Typically, people view stress negatively. But what is it really? Stress is simply a demand on the organism to work. It is our subjective and/or physiological response to perceived threats or stressors. Stress is part of an evolutionary advantage to dealing with threatening situations. It is an important, normal part of living. It revs us up, protects us, and makes us creative and motivated. We cannot eliminate stress, but we can manage it.
When you are stressed or anxious, your body goes into an automatic response. It is often called the “fight, flight or freeze response.” In this response, you are preparing yourself for the enemy. The enemy may be physical or psychological but the body cannot distinguish that. Your body’s automatic primitive response is something like this:
Your heart rate increases and you begin to breathe faster so that more blood can get pumped to your extremities. Your digestion stops so that all functions flow to the primary systems that get you out of the emergency, out of danger. You may also have other physiological responses. You may begin to sweat to regulate your body temperature, and sometimes your limbs may tingle because energy is directed towards your limbs to be activated in response to the crisis. All of this happens automatically and all you need to do to change that, in a stress situation, is take a deep breath (see below).
Internal stress comes from within an individual and includes:
- Feelings (i.e. anger, worry, fear)
- Nutrition/Eating Habits
- Physical Health/Well-being
- Mental Health/Well-being
- Quantity and Quality of Sleep
External stress is produced from events, situations, or environments outside of an individual. Examples include:
- School (i.e. degree of difficulty of classes, amount of coursework, academic performance)
- Work (i.e. workload, relationship with one’s employer, relationship with co-workers, pressure and demands placed on an individual, poor work conditions)
- Trauma (i.e. physical/sexual/emotional abuse, significant accidents or injury, witnessing the abuse of others)
- Foreign Organisms (i.e. bacteria, viruses, fungi)
- Relationships with others (i.e. parents, peers, professors, friends, roommates)
- Home Environment
- Poor Living Conditions
While often associated with negative events and experiences, stress can be a product of positive experiences. For example, attending college is considered to be a positive life experience. It provides individuals an opportunity to further their education and allow them access to pursue various career goals. Nonetheless, such positive experiences can also come with stress.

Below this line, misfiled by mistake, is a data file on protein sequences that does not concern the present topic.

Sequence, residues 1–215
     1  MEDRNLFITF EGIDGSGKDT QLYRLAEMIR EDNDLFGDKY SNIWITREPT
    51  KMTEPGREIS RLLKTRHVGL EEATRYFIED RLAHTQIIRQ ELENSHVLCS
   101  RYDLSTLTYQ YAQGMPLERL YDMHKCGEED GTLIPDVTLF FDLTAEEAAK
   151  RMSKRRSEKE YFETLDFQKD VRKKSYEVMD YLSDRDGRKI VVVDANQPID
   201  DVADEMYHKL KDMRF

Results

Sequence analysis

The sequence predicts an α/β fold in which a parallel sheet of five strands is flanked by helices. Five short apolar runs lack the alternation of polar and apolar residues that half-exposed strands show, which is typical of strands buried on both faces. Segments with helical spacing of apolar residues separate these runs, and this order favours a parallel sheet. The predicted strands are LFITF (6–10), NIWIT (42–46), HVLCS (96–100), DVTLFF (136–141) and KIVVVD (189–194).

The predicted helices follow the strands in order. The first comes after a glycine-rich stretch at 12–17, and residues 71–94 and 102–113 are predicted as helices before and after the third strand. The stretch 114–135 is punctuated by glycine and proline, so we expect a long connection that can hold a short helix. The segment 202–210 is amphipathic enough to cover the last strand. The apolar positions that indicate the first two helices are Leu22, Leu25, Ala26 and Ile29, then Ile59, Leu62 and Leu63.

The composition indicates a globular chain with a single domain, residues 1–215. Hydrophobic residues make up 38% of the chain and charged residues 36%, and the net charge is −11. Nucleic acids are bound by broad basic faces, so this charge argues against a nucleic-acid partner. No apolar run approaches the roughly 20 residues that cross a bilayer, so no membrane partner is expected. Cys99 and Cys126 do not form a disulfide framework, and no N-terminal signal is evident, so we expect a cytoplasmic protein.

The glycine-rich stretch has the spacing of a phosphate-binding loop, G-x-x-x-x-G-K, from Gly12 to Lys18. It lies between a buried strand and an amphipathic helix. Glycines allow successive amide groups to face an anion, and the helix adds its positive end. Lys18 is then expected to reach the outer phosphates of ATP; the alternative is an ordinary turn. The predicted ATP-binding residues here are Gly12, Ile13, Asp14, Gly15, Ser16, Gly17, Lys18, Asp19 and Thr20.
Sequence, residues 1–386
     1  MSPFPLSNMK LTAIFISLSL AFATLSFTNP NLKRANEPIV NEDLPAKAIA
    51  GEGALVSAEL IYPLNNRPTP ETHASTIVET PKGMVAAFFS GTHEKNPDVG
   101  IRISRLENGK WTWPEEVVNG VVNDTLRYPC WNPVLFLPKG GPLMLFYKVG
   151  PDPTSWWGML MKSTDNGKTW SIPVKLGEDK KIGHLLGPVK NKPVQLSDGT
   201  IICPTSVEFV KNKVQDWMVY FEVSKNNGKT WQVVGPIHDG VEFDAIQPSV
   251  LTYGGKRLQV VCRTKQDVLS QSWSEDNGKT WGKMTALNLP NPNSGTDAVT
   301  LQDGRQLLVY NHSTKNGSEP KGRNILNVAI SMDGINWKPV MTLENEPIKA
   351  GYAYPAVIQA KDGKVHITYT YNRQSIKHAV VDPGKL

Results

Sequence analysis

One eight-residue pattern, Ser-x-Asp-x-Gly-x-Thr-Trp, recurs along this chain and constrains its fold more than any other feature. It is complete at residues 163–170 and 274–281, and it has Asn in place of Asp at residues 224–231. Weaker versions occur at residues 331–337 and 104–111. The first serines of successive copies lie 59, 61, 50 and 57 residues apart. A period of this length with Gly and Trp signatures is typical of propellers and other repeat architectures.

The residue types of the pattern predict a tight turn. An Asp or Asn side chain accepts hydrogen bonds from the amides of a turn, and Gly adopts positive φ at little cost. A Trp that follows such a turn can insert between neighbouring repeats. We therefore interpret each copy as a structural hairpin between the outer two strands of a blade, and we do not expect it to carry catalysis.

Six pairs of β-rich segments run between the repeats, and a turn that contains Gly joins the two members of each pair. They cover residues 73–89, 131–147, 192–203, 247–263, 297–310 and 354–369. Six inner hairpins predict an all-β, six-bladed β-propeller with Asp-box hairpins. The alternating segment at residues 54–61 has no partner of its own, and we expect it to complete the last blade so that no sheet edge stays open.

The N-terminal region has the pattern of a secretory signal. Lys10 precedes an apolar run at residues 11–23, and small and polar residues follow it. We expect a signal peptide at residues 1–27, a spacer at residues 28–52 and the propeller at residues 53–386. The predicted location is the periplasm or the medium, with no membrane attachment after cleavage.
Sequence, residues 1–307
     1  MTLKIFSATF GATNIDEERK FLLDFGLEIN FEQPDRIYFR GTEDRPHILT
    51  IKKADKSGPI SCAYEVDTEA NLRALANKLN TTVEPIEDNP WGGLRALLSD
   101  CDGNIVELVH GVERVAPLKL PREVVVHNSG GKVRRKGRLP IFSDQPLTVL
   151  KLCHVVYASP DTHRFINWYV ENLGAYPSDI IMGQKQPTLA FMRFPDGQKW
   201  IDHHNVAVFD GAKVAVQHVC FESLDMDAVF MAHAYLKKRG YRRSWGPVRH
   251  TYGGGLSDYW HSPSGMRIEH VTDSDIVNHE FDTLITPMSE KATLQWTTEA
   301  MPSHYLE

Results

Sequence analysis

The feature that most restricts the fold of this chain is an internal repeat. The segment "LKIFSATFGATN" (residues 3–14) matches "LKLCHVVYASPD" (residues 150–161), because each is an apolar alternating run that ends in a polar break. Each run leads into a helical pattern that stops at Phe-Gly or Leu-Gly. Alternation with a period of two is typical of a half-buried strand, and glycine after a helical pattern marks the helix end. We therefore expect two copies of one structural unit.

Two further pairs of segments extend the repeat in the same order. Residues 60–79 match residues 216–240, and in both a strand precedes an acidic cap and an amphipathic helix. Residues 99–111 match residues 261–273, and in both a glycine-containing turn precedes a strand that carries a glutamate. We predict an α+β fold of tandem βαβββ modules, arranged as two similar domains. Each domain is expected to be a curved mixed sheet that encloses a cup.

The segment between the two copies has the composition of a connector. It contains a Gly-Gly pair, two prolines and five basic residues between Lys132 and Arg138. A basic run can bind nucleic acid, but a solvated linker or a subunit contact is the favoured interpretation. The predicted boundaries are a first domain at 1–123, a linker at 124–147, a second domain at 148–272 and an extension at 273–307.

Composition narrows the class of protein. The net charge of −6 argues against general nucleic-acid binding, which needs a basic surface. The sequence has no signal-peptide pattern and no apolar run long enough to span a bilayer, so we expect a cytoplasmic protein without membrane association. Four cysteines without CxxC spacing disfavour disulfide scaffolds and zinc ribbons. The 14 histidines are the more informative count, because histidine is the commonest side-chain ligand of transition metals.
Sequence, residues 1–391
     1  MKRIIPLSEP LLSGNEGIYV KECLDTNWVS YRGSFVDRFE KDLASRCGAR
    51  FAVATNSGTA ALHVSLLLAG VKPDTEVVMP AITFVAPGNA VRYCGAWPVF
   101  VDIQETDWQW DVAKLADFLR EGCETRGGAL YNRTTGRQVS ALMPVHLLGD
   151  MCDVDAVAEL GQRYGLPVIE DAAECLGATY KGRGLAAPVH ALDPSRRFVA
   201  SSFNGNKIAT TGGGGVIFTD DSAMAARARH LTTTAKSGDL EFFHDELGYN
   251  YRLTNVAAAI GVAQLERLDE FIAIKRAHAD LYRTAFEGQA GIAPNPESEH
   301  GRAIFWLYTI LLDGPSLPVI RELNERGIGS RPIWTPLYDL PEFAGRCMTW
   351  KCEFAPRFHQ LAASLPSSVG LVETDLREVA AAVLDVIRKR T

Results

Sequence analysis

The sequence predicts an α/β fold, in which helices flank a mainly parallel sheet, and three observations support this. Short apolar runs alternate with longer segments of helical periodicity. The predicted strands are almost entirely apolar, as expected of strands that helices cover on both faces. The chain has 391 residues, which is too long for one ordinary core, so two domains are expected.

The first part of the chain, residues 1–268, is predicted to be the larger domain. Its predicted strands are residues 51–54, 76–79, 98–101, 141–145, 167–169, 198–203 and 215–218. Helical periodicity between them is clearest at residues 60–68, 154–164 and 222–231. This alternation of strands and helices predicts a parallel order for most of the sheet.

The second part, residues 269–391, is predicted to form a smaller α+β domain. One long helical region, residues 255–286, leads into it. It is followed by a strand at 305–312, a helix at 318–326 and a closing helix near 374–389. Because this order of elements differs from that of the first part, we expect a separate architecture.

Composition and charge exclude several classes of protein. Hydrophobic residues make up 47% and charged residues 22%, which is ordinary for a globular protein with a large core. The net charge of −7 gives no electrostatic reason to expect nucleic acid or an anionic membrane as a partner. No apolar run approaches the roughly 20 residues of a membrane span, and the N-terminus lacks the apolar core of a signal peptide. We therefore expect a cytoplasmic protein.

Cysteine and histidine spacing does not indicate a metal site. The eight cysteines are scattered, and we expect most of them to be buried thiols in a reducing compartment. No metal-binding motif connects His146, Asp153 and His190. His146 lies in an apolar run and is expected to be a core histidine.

- Muscle Tension
- Clenching/Grinding Teeth
- Rapid Heartbeat
- Stomach/Intestinal Upset
- Sleep Disturbances
Stress may manifest in a variety of ways, including:
- Poor Job Performance
- Relationship Problems
- Reduced Productivity
- Problems with Professor/Boss
- Burnout—exhaustion, loss of passion, apathy, mood swings, difficulty concentrating, self-destructive behavior, slow recovery from illness
It is important to identify your own early signs of stress. Every person varies in what they find stressful and how they respond to stress. Start to observe yourself. When you start to feel some signs of stress, ask yourself: “What’s going on?” You might hear an internal voice that tells you “This looks threatening”… “I don’t think I can handle this”… or some other important message along with the physical signs.
Managing stress … it is as simple as taking a deep breath.
Our bodies come equipped with a natural stress-reliever, breathing. Believe it or not, taking a slow, deep breath can help reduce feelings of stress and anxiety. Slowing down your breathing and taking deep breaths allow your body to calm its stress responses. Slow and deep breathing slows one’s heart rate, brings more oxygen to the brain, and essentially works to maintain equilibrium and allow the body to regulate itself. There are many breathing techniques and two of these are below:
- 4-3-5. This breathing technique allows you to slow down your breathing by taking measured breaths. Breathe in for FOUR counts through your nose…… hold that breath for THREE counts….. and exhale for FIVE counts through your mouth. Repeat this pattern for a few minutes and observe how much more relaxed you can feel.
- Belly Balloon. Imagine your stomach is like a balloon. Place your hands on your belly. Breathe in slowly through your nose, filling your lungs all the way to the top, as you feel your belly and chest rising and expanding like a balloon. Now, open your mouth and slowly release the air out of your lungs, imagining that belly balloon slowly deflating. Continue this exercise for a few minutes, noticing how much calmer your body can feel.
In addition to the power of using your breath, stress management targets three key areas: